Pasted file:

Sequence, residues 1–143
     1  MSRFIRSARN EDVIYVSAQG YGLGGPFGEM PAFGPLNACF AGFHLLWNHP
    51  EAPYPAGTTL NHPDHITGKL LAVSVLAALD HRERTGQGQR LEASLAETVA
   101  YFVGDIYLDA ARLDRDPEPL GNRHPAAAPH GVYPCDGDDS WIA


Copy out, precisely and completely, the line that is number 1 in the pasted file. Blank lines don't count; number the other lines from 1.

Sequence, residues 1–143